Are the Sliding Doors Closing on Serendipity?

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In our post-truth, algorithm-laden and filter bubble-rich world, we bandy the terms of serendipity, surprise and delight around. At the same time, we are chased around the internet by products we may have idly browsed a week ago. We are swamped by the irrelevant, the repetitive and the inane.

It amazes me that no-one has bothered to ask how important serendipity is to the modern consumer.

In a recent Lightbox study, we found that two in three Brits love when they stumble across something useful or interesting. The same proportion feels that learning about something new makes life more exciting, yet only one in 10 believes there is more chance and serendipity in the modern world.

The key to doing serendipity well is in remembering that, by its very definition, it must benefit the subject. Indeed, the term even translates to “happy accident” in Dutch.

For example, whilst a giant Ghostbusters character in the middle of Waterloo Station at rush hour is unexpected, it may irritate and inconvenience more people than it delights. However, Icelandair showcased the smart use of serendipity in marketing with #MyStopOver, surprising lucky travellers with an unforeseen stopover in Iceland, highlighting the possibilities beyond the planned.

Following suit, Sheraton’s “Delight my Delay” campaign offered rewards to travellers facing delays. The greater their delay, the more chance they had of winning a prize. And retailers are in on it too: Lidl has centred its communications on the concept of the unexpected with #lidlsurprises – the results speak for themselves with double digit business growth each year.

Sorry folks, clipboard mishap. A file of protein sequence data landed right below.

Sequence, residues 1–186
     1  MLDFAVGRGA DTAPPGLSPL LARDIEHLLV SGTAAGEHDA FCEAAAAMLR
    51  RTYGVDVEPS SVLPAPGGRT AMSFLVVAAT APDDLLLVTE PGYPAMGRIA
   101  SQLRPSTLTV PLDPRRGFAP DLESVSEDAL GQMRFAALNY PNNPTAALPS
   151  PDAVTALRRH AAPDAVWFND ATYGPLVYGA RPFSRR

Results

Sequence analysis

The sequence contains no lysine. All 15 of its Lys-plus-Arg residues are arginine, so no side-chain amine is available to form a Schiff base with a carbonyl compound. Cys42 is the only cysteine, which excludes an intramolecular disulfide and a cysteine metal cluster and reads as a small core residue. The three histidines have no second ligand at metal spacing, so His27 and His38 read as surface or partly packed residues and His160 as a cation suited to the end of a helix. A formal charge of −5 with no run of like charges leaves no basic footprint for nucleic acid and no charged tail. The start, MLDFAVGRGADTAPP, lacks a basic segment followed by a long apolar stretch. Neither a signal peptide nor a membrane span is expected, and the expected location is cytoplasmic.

There is a consumer appetite for this, although it is by no means universal. What works for one brand will not necessarily work for another. The younger generations are those most open to this discovery – 55% of under 35s said that they would rather be surprised by something new, than satisfied by what they already know.

YPlan is an app for Londoners which negates the need to make plans, offering a curated list of last minute experiences at a heavy discount. Finally, a reward for being late to the party, so to speak. This is a nod to the future. Curation and recommendation working together to give consumers the right amount of surprise and delight when they need it.

Advances in AI and health wearables will be key to driving these personalised, accurate recommendations. Virtual personal assistants will be programmed to create these moments at times of physical or mental stress, or even boredom. Consumers will to some degree, hold the reins of their own discovery. Risk will be managed, but control loosened. It will become less about serendipity, and more about what’s right for right now.

Reed Hastings, CEO of Netflix, set out the ambition: “One day we hope to get so good at suggestions that we’re able to show you exactly the right film or TV show for your mood when you turn on Netflix.”

Until then, how do you encourage serendipitous discovery of your brand, content or products?

It could simply be about playing in territories they don’t expect you to be in. Whether that’s by changing your channel or title mix; pushing for stockists that sit outside your comfort zone, or product formats that are innovative or unexpected. You could explore clever media partnerships that associate you with a trend, consumer behaviour or cultural phenomenon with a twist, or plan reactive communications to social posts by customers, followers or friends on social which brighten their day, and alert them to your presence.

Mood marketing is an area barely explored but rich with opportunity. Try it, you might be pleasantly surprised.

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